That Time My Pediatrician Lied to “do no harm”

Once upon a time, I had a pediatrician who made house calls — complete with a little black bag. Dr. Harris practically became part of the family after my older sister was born. This was an age when doctors really got to know their patients. They also weren’t in a hurry to prescribe meds or suggest surgeries. Sometimes, they’d even go out on a limb and make moves that would be unimaginable today. Here’s a story about one of those moments.


After being told she’d never have a second child, my mother was bedridden for much of her pregnancy with me. But there I was, nine months later: a happy and healthy baby, already proving that the medical establishment was full of shit. However, what no one but Dr. Harris knew was that I was born with what they used to call a “heart murmur.” Today, it’s Mitral Valve Prolapse (MVP) — typically not a condition that warrants any attention.

Back in the day, however, a murmur could’ve caused my parents to baby me even more than they already did. Dr. Harris sagely recognized this likelihood and did something incredible. He didn’t tell anyone. He worried that if he reported the condition, my parents would be over-protective and prevent me from being an active boy. He simply monitored my heart during every visit to be on the safe side. Translation: If not for Dr. Harris, I never would’ve become an athlete which helped me become popular and confident (as described here). I also wouldn’t have gotten into martial arts and fitness and all the other activities that enriched my life and kept me youthful. Who knows what I’d look and feel like today if not for him? I owe that man, big time.

To cover his tracks, Dr. Harris had a plan. When my parents eventually decided to stop bringing me to a pediatrician, he’d contact my new doctor to explain the situation. At that point, the new guy could just keep monitoring the MVP. However, my parents brought me to their doctor without telling Dr. Harris beforehand. During my first check-up, the new guy heard the tell-tale click. Confused, he explained what it meant to my parents — saying that most people are born with a heart murmur. He couldn’t understand how Dr. Harris could’ve possibly missed it. This caused my mother to panic. She called Dr. Harris and he promptly confessed. What happened next may also be impossible today.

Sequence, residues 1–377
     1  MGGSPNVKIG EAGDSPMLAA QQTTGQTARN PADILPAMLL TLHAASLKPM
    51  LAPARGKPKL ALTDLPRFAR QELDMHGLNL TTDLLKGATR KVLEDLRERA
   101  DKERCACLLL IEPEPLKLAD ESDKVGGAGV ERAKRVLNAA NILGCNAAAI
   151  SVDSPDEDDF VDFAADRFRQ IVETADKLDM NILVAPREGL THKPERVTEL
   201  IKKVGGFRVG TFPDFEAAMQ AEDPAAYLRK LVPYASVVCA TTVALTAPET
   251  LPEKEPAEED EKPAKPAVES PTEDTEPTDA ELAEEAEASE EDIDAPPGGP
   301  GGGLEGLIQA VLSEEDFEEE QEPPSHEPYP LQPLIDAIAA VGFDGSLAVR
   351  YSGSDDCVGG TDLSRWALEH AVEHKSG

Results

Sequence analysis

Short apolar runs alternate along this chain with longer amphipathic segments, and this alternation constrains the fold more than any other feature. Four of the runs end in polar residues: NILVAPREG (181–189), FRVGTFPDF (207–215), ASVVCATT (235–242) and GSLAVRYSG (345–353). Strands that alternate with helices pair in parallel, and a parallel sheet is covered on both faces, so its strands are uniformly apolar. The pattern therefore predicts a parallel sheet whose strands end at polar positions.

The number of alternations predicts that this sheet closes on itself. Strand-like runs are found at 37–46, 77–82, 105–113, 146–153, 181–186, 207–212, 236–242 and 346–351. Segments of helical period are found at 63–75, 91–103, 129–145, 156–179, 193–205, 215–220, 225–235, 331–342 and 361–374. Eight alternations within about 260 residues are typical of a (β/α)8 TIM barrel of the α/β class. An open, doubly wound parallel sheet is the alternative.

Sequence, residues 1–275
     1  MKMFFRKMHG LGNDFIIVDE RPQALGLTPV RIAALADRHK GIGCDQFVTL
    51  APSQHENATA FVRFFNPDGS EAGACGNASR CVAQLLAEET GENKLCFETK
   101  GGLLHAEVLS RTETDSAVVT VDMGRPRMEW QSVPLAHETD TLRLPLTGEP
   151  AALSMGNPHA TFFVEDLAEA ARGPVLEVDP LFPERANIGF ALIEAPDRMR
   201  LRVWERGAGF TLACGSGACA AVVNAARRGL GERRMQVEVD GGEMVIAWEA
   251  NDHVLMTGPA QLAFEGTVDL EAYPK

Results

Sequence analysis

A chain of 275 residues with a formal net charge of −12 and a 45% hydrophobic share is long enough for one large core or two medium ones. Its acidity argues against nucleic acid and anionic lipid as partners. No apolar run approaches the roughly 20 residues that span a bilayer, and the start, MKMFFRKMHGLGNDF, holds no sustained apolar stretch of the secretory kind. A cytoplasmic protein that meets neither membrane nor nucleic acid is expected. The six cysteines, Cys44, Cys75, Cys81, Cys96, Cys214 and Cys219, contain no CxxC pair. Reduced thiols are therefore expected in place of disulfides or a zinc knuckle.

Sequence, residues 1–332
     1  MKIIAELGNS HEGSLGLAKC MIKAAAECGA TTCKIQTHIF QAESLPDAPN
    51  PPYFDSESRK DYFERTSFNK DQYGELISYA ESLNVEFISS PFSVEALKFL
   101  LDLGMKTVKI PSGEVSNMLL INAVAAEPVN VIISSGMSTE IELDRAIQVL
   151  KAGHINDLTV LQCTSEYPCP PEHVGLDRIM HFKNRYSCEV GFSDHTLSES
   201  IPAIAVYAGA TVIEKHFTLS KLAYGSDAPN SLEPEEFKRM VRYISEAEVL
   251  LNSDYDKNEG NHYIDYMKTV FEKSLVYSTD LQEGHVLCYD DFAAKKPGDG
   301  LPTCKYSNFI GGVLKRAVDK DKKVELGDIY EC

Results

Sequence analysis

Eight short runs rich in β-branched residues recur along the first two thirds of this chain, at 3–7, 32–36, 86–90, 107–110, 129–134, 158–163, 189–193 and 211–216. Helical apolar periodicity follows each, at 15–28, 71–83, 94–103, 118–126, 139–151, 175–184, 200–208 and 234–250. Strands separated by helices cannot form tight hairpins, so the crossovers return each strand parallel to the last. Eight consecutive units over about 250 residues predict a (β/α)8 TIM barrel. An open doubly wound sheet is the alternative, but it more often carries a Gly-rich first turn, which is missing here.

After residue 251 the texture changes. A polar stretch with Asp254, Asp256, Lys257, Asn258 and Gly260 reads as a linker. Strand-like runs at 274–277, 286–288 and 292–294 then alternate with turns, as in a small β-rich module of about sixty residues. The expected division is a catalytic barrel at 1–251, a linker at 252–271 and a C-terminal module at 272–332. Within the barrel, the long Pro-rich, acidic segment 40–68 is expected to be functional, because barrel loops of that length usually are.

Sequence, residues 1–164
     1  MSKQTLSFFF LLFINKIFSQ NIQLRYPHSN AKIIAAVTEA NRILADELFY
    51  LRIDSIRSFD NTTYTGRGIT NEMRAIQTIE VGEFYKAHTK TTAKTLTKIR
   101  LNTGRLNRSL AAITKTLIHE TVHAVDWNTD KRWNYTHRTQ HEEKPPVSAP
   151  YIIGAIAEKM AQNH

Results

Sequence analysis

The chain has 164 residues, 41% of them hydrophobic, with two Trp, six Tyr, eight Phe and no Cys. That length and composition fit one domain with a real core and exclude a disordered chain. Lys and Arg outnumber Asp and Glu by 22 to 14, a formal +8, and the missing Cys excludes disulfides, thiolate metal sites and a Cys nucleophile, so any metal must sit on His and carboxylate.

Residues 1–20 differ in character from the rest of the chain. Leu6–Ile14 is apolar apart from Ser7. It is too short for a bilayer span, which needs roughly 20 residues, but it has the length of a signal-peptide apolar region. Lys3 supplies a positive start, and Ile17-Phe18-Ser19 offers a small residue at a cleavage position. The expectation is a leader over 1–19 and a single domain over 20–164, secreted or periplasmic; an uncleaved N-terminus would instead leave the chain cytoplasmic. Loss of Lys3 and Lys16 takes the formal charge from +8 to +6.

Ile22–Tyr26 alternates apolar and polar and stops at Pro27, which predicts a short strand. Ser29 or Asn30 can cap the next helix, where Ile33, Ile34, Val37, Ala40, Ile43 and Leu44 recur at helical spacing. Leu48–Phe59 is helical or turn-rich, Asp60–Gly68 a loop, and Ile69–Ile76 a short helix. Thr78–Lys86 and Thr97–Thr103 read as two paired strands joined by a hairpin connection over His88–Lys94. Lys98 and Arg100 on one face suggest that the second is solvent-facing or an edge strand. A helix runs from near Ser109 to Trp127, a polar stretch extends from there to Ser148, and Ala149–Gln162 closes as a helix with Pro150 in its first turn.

My parents were okay with it. My mother admitted that Dr. Harris saved me from being forbidden to play sports and hang out with my hooligan buddies. The new doctor ran me through a battery of tests to “play it safe.” I remember him having the gall to ask me if I could do a push-up. With my parents in the room, a very insulted 12-year-old me hopped off the doctor’s plinth and onto the floor. He stopped me at 20 but I did another 10 to make sure Mr. Expert got the message.

As the years passed, I literally forgot I had MVP until a new primary care physician of mine heard the click and tried to lay down a restriction. When I went for dental work, he declared, I needed to be medicated before and after the procedure. It’s called antibiotic prophylaxis and here’s the “logic”: If my gums bleed and I swallow some of the blood, there’s a slight chance it could cause an infection in my heart (endocarditis) because of the MVP.

By that point, my mother had also been diagnosed with MVP (I likely inherited it from her) and was doing antibiotic prophylaxis for her dental visits. She begged me to comply, too. Being a good Catholic son, I did… once. They had you take about eight antibiotic pills before treatment and then another four pills a few hours later. I don’t know if any of you has ever taken that many antibiotics in a 6-hour time period, but it makes you feel high, and then it makes you feel like shit. Not to mention, there’s all the damage the drugs can do to your intestinal flora. Still, the fear of endocarditis was being imposed upon me. Just look around right now if you wanna confirm what medical fear-programming looks and feels like.

I asked my dentist why I needed to take these meds when I was fully healthy and never displayed any heart-related symptoms. He just chalked it up to “protocol.” Then I asked him why it was okay for my gums to bleed each night when I flossed. He did not have an answer. He just made a joke about me being the only patient to ever question this protocol. These being the pre-internet days, I found some books at the library. In no time, I learned it was just a legal thing. Dentists and doctors were covering their asses when, in reality, there was NO need for antibiotic prophylaxis. If anything, as I surmised, the potential negative impacts far outweighed any benefits.

I photocopied some pages from a book and brought them to my dentist. He took one glance and sighed. “I know, but I have to follow the rules. It’s required that I prescribe you the pills and ask you if you took them.” We stared at each other for about 10 seconds and I think we both knew exactly what would happen next. From then on, every time I’d come in for a cleaning, he’d ask: “Did you medicate?” I would nod yes and everything moved forward. In addition, I told my Mom I was still taking the pills. I didn’t like lying to her but I did so for her own protection. It’s a little trick I learned from Dr. Harris.

Mickey Z. is the creator of a podcast called Post-Woke. You can subscribe here. He is also the founder of Helping Homeless Women - NYC, offering direct relief to women on New York City streets. Spread the word. Read other articles by Mickey.